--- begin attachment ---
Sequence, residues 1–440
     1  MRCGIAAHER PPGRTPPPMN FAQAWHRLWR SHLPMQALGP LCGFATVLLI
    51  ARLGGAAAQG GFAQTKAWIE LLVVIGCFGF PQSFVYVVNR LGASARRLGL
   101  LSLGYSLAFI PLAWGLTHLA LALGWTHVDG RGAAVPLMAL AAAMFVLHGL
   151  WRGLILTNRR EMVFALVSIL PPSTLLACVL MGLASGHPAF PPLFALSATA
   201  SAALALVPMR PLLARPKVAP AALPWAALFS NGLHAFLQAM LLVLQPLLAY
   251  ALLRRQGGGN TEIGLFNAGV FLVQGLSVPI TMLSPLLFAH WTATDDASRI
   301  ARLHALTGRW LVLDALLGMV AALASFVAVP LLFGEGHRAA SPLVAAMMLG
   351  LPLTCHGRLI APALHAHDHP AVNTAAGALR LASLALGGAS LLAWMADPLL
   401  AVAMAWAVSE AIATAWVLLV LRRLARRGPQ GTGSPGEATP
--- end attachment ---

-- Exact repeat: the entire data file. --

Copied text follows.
Sequence, residues 1–440
     1  MRCGIAAHER PPGRTPPPMN FAQAWHRLWR SHLPMQALGP LCGFATVLLI
    51  ARLGGAAAQG GFAQTKAWIE LLVVIGCFGF PQSFVYVVNR LGASARRLGL
   101  LSLGYSLAFI PLAWGLTHLA LALGWTHVDG RGAAVPLMAL AAAMFVLHGL
   151  WRGLILTNRR EMVFALVSIL PPSTLLACVL MGLASGHPAF PPLFALSATA
   201  SAALALVPMR PLLARPKVAP AALPWAALFS NGLHAFLQAM LLVLQPLLAY
   251  ALLRRQGGGN TEIGLFNAGV FLVQGLSVPI TMLSPLLFAH WTATDDASRI
   301  ARLHALTGRW LVLDALLGMV AALASFVAVP LLFGEGHRAA SPLVAAMMLG
   351  LPLTCHGRLI APALHAHDHP AVNTAAGALR LASLALGGAS LLAWMADPLL
   401  AVAMAWAVSE AIATAWVLLV LRRLARRGPQ GTGSPGEATP